Package gles3 provides Go bindings for the OpenGL ES v3 API. They've been automatically generated by c-for-go using the official NDK headers from android-23 platform. All functions have their reference to the offical documentation.

Example of usage in conjuction with the android package: nk-android.

gles31 GoDoc

Package gles31 provides Go bindings for the OpenGL ES v3.1 API. They've been automatically generated by c-for-go using the official NDK headers from android-23 platform. All functions have their reference to the offical documentation. The OpenGL ES computing API is supported.

Examples

Refer the example links to get more info about them.

There are three examples. The first example is a template app showing how to create and build an Android application using the absolute minimum of code and boilerplate. It also shows the primitives of an activity and how to handle activity events, there is no visual part, so be ready to read the lines from the ADB logcat. If this one works correctly on your device, my congratulations. If not, please open an issue.

The example-egl leverages all three packages together: android, egl and of course gles (OpenGL ES 1.0) to create an visual app that animates its color based on the accelerometer values. It also reads input events such as key events and multitouch motion events (with pressure, if supported by the device), you can check these events in the ADB logcat. Please see the video of the expected behaviour:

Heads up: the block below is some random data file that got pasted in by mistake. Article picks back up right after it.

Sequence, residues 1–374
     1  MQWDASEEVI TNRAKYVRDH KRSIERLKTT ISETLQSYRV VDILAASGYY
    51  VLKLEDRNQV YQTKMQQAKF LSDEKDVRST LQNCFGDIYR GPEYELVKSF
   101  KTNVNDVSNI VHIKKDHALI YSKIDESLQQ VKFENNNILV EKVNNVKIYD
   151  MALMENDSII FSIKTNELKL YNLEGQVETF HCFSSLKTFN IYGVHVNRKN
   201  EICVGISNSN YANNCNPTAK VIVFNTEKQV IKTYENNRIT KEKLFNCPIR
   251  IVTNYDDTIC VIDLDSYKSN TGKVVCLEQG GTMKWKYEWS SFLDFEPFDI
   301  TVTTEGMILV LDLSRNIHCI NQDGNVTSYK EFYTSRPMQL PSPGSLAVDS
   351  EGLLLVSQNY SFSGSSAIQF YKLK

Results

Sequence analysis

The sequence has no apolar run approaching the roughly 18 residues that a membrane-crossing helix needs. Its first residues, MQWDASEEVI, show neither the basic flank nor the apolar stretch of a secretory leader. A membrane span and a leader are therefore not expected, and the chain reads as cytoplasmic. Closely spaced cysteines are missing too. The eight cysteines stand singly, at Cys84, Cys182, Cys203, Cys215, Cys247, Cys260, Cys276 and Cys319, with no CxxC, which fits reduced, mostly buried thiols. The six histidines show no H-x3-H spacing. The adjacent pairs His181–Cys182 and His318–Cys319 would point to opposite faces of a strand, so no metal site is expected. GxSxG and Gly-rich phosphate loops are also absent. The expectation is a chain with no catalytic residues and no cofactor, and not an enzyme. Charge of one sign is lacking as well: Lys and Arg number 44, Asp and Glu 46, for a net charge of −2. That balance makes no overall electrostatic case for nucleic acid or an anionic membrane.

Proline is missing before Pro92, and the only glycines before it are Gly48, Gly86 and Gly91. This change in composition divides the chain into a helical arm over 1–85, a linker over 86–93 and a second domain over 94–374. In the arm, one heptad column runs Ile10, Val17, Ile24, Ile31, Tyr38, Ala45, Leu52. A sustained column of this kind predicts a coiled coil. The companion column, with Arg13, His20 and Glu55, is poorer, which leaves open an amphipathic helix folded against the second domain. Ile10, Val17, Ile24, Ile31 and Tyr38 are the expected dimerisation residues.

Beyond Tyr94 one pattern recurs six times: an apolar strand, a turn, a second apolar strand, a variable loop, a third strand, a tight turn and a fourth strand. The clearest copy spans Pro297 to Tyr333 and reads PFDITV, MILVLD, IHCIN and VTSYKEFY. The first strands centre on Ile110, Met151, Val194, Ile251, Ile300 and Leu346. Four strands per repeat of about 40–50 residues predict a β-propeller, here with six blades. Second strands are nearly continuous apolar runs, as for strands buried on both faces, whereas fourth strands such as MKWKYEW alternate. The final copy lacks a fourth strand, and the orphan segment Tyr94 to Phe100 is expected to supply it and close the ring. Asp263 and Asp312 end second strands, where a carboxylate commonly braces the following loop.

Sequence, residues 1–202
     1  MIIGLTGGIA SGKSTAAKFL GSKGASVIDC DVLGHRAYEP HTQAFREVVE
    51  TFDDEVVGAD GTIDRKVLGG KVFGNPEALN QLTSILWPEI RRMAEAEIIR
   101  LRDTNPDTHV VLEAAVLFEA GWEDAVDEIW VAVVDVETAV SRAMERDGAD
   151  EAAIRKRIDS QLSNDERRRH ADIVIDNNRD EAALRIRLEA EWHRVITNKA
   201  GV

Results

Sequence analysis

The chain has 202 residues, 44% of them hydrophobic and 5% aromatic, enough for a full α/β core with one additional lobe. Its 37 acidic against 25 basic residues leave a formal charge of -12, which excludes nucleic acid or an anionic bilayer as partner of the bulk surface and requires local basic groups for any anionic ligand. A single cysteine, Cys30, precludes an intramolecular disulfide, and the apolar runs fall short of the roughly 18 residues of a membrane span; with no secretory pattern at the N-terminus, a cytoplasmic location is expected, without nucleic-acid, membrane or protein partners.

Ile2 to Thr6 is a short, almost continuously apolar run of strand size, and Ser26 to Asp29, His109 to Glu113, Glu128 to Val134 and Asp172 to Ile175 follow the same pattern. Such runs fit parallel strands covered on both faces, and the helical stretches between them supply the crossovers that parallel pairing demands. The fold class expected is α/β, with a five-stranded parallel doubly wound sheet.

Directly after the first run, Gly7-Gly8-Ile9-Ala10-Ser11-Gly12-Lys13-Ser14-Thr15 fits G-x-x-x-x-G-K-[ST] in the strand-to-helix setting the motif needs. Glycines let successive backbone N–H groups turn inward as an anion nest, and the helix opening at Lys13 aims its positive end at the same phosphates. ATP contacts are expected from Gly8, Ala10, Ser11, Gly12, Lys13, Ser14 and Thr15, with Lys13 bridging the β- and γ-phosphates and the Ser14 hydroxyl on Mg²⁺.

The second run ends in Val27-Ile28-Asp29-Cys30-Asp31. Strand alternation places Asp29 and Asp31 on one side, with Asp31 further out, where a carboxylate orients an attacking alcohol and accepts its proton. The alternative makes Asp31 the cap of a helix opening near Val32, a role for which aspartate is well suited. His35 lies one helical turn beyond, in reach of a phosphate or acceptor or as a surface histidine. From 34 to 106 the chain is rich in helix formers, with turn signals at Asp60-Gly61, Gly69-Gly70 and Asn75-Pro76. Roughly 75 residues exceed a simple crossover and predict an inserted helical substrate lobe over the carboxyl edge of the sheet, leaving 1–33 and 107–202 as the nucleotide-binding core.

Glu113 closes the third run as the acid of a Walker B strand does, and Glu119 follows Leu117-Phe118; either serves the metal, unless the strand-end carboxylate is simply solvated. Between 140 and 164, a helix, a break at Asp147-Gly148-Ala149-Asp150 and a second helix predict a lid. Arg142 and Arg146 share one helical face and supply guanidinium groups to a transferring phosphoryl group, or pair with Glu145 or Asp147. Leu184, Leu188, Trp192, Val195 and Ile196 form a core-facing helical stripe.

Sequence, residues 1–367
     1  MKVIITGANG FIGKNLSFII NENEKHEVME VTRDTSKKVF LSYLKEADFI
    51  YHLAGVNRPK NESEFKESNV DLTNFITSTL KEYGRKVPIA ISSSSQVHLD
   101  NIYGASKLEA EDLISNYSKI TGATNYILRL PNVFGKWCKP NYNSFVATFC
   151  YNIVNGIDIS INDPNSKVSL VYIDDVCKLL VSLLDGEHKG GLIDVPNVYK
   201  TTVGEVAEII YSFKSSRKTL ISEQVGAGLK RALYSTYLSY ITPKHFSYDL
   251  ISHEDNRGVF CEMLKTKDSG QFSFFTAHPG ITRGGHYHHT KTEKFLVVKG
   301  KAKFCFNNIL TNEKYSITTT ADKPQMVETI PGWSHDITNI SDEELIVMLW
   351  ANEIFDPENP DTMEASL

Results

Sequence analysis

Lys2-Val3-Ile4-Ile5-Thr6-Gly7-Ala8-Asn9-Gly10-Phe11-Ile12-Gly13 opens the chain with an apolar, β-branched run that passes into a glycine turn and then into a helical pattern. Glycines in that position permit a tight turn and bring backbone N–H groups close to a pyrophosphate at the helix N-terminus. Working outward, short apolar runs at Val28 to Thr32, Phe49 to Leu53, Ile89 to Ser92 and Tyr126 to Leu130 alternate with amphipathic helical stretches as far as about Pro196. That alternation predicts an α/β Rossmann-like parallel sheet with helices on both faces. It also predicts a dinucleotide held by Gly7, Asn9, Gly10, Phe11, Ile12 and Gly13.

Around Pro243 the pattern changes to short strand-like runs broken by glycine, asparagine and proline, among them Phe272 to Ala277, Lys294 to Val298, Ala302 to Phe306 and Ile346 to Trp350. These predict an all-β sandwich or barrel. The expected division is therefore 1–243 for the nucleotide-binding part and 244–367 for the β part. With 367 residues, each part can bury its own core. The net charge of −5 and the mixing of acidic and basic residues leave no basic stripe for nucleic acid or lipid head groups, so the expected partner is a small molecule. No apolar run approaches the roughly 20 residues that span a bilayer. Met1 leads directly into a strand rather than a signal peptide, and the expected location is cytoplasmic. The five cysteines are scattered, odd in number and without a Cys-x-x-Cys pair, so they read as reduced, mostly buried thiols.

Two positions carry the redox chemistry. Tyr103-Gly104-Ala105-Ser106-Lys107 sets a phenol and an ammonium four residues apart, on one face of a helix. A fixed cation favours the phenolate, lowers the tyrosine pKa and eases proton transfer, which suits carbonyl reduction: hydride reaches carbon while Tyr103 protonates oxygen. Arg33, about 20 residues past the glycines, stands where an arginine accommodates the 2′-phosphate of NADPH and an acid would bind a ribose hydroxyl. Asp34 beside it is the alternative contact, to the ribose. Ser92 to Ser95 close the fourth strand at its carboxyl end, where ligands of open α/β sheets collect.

Golang + EGL/GLES App on Android

And recently I took nuklear package and implemented a few backends in Go, including two for Android that initialize OpenGL ES 2 or ES 3 context using android, egl, gles2 and gles3 packages. They also responsible for handling touch and other input events. So now it is possible to create GUI apps for Android, see nk-android for an example Nuklear GUI app.

Nuklear GUI App written in Golang runs on Android

Android keyboard toggling video.

On existing tools or why not just use Gomobile